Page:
• Topic: Security, Nuclear Weapons
  • Political Geography: Pakistan, United States, Iran, Washington, Middle East, Tehran
  • Author: Michael Eisenstadt, Jeffrey White, Matt Sherman
  • Publication Date: 05-2006
  • Content Type: Policy Brief
  • Institution: The Washington Institute for Near East Policy
  • Abstract: On April 28, 2006, Jeffrey White, Matt Sherman, and Michael Eisenstadt addressed The Washington Institute's Special Policy Forum. Jeffrey White, the Berrie Defense Fellow at The Washington Institute, spent thirty-four years with the Defense Intelligence Agency. Matt Sherman recently returned from Iraq after serving for two years as the senior coalition advisor to the Iraqi Ministry of the Interior. During his tenure, he counseled four interior ministers and was the lead coordinator for policy on Iraqi police services. Michael Eisenstadt is director of The Washington Institute's Military and Security Studies Program, and is the coauthor, with Jeffrey White, of the Institute Policy Focus, Assessing Iraq's Sunni Arab Insurgency. The following is a rapporteur's summary of their remarks.
  • Topic: International Relations, Security, Weapons of Mass Destruction
  • Political Geography: Iraq, Washington
  • Author: John Vines
  • Publication Date: 04-2006
  • Content Type: Policy Brief
  • Institution: The Washington Institute for Near East Policy
  • Abstract: On April 13, 2006, Lt. Gen. John Vines addressed The Washington Institute's Special Policy Forum. General Vines served until January 2006 as commander of the Multinational Corps–Iraq (MNC–I). The following is a rapporteur's summary of his remarks.
  • Topic: Conflict Resolution, Government, War
  • Political Geography: Iraq, Washington, Middle East
  • Author: Soner Cagaptay
  • Publication Date: 04-2006
  • Content Type: Policy Brief
  • Institution: The Washington Institute for Near East Policy
  • Abstract: Iran's nuclear program presents one more issue on which Washington sees Middle East developments in a different light than does the Justice and Development Party (AKP) government in Turkey. Since coming to power in November 2002, AKP leaders have pursued rapprochement with Damascus and enhanced dialogue with Iran. In March 2006, the AKP welcomed Hamas leaders in Ankara. It is surprising that Turkey, a traditional bastion of Western policies in the Middle East, is promoting close ties with anti-Western actors that have hurt Turkey for decades—Syria provided safe haven to the terrorist Kurdistan Workers Party (PKK) and Iran supported the PKK and radical Islamist terrorists. Why do the Turkish people not resent such policies? The Iraq war and the U.S. agenda for political transformation in the Middle East have clashed with the Turkish people's desire to preserve the Middle Eastern political landscape. What is more, U.S. inaction against the PKK's Qandil enclave in Northern Iraq is angering most Turks in the way Syrian and Iranian support for the PKK upset them in the 1990s. Turkish confusion and anger toward the United States stands in sharp contrast with the improved image of Syria and Iran in Turkey. Meanwhile, with AKP discussing Middle Eastern politics in terms of Islamic codes, some Turks now identify with the region through Islam and not their national identity. The challenge for Washington is to find a way to prevent Turkey's popular slide away from the United States.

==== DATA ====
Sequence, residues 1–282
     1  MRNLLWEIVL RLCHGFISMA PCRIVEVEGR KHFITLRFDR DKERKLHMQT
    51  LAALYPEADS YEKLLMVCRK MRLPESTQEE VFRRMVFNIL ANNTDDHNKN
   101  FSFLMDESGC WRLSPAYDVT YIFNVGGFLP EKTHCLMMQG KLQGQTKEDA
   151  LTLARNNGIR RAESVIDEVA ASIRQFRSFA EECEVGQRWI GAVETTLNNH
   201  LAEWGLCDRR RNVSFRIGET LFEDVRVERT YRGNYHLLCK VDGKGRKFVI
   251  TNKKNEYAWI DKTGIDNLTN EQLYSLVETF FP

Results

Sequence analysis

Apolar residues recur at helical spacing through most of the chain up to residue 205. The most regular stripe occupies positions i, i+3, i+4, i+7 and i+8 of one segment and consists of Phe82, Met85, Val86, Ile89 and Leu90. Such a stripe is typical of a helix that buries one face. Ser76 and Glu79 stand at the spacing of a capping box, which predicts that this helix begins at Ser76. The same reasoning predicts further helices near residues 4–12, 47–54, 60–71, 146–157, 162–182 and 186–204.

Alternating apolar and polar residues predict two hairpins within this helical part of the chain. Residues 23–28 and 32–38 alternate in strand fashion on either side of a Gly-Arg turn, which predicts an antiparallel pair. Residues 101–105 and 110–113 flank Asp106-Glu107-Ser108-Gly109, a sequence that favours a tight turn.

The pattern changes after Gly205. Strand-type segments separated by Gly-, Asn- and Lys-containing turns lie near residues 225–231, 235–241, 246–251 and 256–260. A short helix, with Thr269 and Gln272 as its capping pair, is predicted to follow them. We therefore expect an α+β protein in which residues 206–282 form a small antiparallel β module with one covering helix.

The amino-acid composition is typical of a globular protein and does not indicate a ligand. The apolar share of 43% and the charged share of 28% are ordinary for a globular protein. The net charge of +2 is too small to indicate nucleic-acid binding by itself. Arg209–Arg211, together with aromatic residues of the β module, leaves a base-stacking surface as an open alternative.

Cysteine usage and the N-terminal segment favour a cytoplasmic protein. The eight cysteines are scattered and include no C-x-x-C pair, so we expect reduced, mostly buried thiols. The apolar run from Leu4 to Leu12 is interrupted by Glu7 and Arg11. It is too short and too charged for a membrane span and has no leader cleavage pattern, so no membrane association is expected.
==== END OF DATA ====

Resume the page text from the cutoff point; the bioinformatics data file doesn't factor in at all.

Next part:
• Topic: Conflict Prevention, Nuclear Weapons
  • Political Geography: United States, Iraq, Iran, Washington, Turkey, Middle East, Eastern Europe, Syria